function readPostersForMovie(movie, nextFunc) {

       var postersTable = tables.getTable('MoviePosters');

       postersTable.where({ movieId: }).read({

           success: function (posters) {

               movie.posters = posters;





  4. Omar says:

    @BeginningWithAzureMobileServices if you didn't use AMS and went with your own or some other methodservice of saving up a collection of objects, you'll still need to implement some form custom


  5. Winnicki says:

    This was so easy to setup — another good post!

  6. Chris Sells says:

    I'm curious what you recommend for update and delete

  7. @Chris that depends on how you implement your relationship.

    • If you flatten the object (storing everything in a single table):

         – Deleting is trivial, as the "children" will just be deleted once the "parent" is deleted

         – Updating will depend on what you mean by updating the parent.

             – Do the children coming from the client override the ones from the server? If so, the update is also trivial.

             – Do you want to somehow "merge" the previous with the new children? You'll need to first read the existing data, apply your merge policy, then perform the actual update.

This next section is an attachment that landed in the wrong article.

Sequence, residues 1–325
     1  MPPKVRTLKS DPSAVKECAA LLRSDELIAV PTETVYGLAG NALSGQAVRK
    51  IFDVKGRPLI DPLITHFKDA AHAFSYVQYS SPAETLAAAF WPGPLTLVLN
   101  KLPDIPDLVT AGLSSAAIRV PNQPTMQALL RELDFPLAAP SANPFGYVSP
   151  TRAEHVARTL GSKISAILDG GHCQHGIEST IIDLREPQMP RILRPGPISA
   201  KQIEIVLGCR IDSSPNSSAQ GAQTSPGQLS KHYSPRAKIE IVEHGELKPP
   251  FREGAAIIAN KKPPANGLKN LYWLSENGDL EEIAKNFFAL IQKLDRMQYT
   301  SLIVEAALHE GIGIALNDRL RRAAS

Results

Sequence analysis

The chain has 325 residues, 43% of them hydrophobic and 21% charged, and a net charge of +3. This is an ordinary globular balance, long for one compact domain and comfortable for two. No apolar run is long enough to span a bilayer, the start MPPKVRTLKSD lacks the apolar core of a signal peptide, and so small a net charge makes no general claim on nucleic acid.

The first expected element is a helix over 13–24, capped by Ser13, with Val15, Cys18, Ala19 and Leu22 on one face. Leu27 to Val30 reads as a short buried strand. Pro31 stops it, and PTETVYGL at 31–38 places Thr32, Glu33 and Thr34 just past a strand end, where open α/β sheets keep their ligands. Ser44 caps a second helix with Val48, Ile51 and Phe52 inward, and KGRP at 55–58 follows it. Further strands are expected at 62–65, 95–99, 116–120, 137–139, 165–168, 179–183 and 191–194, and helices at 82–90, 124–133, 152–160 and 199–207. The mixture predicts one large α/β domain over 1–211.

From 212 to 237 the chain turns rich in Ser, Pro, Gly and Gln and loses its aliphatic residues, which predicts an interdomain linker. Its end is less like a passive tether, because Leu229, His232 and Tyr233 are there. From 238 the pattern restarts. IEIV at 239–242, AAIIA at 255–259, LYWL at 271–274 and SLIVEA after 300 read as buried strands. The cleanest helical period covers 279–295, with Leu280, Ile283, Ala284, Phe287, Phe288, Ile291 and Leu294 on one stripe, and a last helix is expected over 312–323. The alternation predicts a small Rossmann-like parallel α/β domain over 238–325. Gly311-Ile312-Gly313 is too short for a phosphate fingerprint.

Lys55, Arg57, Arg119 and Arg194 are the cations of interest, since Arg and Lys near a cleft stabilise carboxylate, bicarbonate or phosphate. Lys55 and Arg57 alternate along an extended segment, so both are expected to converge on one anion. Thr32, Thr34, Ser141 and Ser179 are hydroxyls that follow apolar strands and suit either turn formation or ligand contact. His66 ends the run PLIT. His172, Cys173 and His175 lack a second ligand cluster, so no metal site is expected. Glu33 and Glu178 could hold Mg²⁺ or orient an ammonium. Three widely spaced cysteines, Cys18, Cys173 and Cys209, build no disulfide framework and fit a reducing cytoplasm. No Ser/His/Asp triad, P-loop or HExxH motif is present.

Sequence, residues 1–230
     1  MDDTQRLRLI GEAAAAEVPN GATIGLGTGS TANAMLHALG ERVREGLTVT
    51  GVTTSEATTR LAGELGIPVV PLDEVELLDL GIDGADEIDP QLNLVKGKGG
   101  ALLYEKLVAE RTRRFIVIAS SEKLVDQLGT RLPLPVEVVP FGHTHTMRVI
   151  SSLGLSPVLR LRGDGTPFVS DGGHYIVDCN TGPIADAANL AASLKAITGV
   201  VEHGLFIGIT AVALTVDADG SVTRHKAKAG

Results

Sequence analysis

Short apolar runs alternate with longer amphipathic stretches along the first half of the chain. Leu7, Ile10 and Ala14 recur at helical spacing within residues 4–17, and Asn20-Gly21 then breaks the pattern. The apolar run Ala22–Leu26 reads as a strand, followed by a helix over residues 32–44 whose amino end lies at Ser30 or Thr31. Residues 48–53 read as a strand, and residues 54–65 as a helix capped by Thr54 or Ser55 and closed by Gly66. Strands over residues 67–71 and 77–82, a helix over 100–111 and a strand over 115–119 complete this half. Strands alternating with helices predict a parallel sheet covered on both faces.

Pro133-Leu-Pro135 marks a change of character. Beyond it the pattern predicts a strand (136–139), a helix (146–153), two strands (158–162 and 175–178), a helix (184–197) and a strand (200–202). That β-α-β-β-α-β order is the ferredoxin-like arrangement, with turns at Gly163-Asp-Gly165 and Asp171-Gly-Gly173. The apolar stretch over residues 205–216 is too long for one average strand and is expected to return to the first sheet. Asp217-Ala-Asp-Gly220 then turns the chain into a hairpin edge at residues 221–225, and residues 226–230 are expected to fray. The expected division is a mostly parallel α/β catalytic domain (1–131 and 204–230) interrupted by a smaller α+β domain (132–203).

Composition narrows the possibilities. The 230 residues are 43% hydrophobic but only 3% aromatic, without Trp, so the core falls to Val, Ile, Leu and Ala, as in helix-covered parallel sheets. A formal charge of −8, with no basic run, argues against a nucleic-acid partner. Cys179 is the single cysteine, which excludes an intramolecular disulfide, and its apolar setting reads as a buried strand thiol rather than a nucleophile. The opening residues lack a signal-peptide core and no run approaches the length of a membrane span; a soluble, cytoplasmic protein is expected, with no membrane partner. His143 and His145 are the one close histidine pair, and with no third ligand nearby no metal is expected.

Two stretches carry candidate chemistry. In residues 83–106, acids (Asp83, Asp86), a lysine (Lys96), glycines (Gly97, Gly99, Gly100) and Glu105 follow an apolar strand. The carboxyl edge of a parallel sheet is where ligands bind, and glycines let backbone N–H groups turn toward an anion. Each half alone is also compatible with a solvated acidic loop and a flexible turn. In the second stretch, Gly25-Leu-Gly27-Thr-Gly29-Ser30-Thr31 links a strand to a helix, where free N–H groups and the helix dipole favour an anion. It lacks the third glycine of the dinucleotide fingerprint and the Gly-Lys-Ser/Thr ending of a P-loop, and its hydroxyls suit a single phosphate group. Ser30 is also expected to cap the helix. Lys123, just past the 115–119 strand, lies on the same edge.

• If you store the parent and children in different tables:

         – When deleting the parent, first delete the associated children (if delete cascade is your policy) or verify whether there are any associated children and return an error if any (if you can only delete items without relations). The script at…/supporting-complex-types-in-azure-mobile-services-clients-implementing-1-n-table-relationships.aspx shows the first option

         – When updating the parent, you'll also need to determine what it means with respect to the children.